Daily Rome Shot 538, etc. “Fifty years ago…”

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Black to move.

Fifty years ago in Reykjavík, the controversy raged behind the scenes about the venue, the Laugardalshöll arena. Fischer was claiming that the noise from spectators in the area was turning the match into a farce and started demanding that he and Spassky play in a closed room. Meanwhile, the Icelandic Chess Federation had already taken rows of seats out, banned the sale of anything wrapped in cellophane and denied entry to children under 10, which surely upset a lot of people.  Game 16 is on the horizon tomorrow, 20 August 1972.

Spassky will, himself, apply some psyops.

Meanwhile, in our own day in Reykjavík, it was announced that the FIDE Fischer Random World Championship will start with qualifiers on 22 August (which is the anniversary of the Battle of Bosworth Field before which you can bet some of the participants played chess, but before the powerful Queen developed).   I can hear some of you wags into the chessy thing muttering, “A horse!  A horse!…”.  Which leads me to imagine that someone out there has at some point made a Richard III v. Henry Tudor or at least a War of the Roses set.

“Fischer Random” (aka “Chess960”, because there seem to be 960 setups possible) is a variant game which rearranges the pieces on the 1st and 8th ranks such that it is still possible to castle and there are bishops of opposite colors.  Fischer wanted a kind of pure game which didn’t involve memorization of openings and lines.  Other than the setup, the regular rules of chess are followed.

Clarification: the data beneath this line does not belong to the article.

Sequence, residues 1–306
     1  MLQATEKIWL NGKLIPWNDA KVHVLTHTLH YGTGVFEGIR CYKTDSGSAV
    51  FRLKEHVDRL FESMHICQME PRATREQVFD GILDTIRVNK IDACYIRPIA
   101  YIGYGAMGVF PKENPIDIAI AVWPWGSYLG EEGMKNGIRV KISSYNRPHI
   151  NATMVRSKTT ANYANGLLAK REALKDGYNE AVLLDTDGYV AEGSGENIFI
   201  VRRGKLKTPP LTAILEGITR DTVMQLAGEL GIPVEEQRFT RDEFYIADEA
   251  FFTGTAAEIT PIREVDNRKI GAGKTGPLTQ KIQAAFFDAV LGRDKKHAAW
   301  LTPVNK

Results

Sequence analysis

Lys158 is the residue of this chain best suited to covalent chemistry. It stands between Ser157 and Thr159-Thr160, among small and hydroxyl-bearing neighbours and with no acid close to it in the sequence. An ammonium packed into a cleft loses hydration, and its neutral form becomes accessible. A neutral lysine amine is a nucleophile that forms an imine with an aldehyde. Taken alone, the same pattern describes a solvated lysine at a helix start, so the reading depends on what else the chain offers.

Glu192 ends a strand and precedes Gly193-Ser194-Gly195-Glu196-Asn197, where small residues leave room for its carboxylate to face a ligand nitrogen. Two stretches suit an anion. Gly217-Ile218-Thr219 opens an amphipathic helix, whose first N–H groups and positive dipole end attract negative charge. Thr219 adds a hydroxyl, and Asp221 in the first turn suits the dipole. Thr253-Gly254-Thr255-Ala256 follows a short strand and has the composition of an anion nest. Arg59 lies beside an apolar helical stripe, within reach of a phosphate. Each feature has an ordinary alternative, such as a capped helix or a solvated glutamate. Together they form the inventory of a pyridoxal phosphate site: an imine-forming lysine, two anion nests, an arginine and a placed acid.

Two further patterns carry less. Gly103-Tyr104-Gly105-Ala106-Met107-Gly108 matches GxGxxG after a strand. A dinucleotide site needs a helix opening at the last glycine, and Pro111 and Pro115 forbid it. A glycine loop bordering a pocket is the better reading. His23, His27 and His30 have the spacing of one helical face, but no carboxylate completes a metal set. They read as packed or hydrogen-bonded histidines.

Today, software will instantly calculate and place the pieces.  However, in the absence of computer engines – remember this for the time of the zombie apocalypse when the dems announce lockdown for COVID-960 and they turn of the internet – there is a formula that can be used… which I don’t understand.  It can involve either coin tosses, the use of a standard die or polyhedral dice, or shuffling cards or scrabble letters.   Strange stuff.  For example, in 2018 in a Fischer Random Blitz tournament – and I’m struggling to get my head around that, Carlson and Nakamura both were able to castle on their first moves, having their kings and rooks on f1/g1 and f8/g8.  In other words, on both sides the kings and rooks were next to each other, so they swapped squares, putting their kings in the corners. Recorded games have to, of course, include the opening position with a PGN or FEN.

Fischer announced his variant after his second match with Spassky in 1992.  And in 1993 Fischer went to Hungary to consult (read: “hide out”) with the legendary chess Polgár family, László Polgár and his chess playing daughters Judit, Zsuzsa and Zsófia. Judit had broken Fischer’s record for becoming the youngest grandmaster. Zsófia wound up beating Fischer at his own game several times. László showed Fischer a book from the early 20th century which already had proposed something similar, which prompted Fischer to change the rules to his version.

Some people think that Chess960 is the future of chess, because it lends itself to greater pure creativity without the book openings and theory. To quote USA supergrandmaster Wesley So (today playing in the Winners Bracket in the Rapid Chess Championship):